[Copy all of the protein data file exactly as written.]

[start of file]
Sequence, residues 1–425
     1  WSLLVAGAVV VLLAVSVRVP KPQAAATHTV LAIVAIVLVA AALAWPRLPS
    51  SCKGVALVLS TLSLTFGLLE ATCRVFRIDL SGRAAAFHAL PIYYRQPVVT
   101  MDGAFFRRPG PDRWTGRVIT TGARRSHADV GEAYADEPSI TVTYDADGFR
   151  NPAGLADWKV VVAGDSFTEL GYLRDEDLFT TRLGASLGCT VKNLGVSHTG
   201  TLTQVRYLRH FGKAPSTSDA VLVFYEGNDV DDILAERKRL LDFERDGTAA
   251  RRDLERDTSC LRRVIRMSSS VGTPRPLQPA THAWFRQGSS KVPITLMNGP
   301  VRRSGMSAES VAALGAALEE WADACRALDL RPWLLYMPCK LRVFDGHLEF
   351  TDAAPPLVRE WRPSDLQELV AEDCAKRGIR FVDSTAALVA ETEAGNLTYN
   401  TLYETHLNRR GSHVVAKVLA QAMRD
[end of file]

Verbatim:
Sequence, residues 1–425
     1  WSLLVAGAVV VLLAVSVRVP KPQAAATHTV LAIVAIVLVA AALAWPRLPS
    51  SCKGVALVLS TLSLTFGLLE ATCRVFRIDL SGRAAAFHAL PIYYRQPVVT
   101  MDGAFFRRPG PDRWTGRVIT TGARRSHADV GEAYADEPSI TVTYDADGFR
   151  NPAGLADWKV VVAGDSFTEL GYLRDEDLFT TRLGASLGCT VKNLGVSHTG
   201  TLTQVRYLRH FGKAPSTSDA VLVFYEGNDV DDILAERKRL LDFERDGTAA
   251  RRDLERDTSC LRRVIRMSSS VGTPRPLQPA THAWFRQGSS KVPITLMNGP
   301  VRRSGMSAES VAALGAALEE WADACRALDL RPWLLYMPCK LRVFDGHLEF
   351  TDAAPPLVRE WRPSDLQELV AEDCAKRGIR FVDSTAALVA ETEAGNLTYN
   401  TLYETHLNRR GSHVVAKVLA QAMRD